Page:Essays and Addresses.djvu/618

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607
The Universities and the Nation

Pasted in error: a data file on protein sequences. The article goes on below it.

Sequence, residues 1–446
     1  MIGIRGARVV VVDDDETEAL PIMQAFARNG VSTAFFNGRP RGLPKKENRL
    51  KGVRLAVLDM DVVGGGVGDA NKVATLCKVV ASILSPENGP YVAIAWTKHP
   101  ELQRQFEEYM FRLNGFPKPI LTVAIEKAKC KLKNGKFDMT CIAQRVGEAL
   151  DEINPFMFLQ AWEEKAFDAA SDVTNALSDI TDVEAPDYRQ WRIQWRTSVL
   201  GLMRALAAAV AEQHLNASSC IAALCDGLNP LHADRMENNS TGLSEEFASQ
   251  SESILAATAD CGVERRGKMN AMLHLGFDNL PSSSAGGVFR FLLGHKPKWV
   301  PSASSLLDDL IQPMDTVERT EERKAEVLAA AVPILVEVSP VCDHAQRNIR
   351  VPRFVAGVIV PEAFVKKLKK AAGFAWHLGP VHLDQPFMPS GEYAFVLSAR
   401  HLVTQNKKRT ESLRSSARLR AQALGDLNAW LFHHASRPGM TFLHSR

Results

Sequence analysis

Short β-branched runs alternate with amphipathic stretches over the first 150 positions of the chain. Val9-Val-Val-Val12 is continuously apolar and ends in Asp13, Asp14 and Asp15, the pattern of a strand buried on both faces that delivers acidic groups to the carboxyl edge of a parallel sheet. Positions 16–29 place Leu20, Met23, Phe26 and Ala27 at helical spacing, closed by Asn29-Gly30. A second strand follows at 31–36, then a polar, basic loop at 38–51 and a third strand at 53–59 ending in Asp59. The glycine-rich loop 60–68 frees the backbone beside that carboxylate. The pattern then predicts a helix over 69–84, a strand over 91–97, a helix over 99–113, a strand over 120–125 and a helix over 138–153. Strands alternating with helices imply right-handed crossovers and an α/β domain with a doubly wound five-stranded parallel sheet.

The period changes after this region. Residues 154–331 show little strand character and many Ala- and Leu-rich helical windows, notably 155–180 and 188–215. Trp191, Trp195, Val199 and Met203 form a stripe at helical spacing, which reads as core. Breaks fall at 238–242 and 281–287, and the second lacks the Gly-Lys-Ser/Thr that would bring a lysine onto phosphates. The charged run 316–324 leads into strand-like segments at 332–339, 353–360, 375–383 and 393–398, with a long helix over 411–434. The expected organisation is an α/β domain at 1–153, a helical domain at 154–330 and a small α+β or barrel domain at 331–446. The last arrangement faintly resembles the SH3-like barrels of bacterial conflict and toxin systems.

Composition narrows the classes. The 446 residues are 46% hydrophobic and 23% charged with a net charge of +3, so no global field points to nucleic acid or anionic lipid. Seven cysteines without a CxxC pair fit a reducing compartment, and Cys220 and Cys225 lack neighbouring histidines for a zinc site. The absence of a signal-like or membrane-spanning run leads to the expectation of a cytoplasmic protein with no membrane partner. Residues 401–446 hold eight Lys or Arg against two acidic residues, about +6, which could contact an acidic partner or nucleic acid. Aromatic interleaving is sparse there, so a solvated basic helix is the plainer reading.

In conclusion, I would only venture to express the earnest hope that this summer meeting may prove no unworthy successor, in every benefit and enjoyment which such an experience can afford, to the meetings which have preceded it; and that our visitors, whom the University so warmly welcomes, may find here, in the temporary home of their studies, something of that mysterious influence which nowhere does its spiriting more gently than in a venerable seat of learning,—the genius of the place. True it is that in these ancient courts and halls, in the cloisters and the gardens, the charm which one feels is inseparably blended with a certain strain of melancholy. How often, in the long course of the centuries, have these haunts been associated, not only with the efforts which triumphed and the labours which bore lasting fruit, but also with the lost causes and the impossible loyalties, with the theories which were overthrown, with the visions which faded, with the brave and patient endeavours which ended in failure and defeat! Nevertheless, this place speaks to us of a corporate intellectual life which has been continuous; not always, indeed, free from the incubus of superstition or the heavy hand of external despotism; not always exempt from a depressing lethargy within; yet always preserving some secret spring of recuperative vigour, and thus linking the present with the past by a tradition which has in a great measure run parallel with the fortunes of England. And now, when these scenes, so dear to those whose life is passed among them,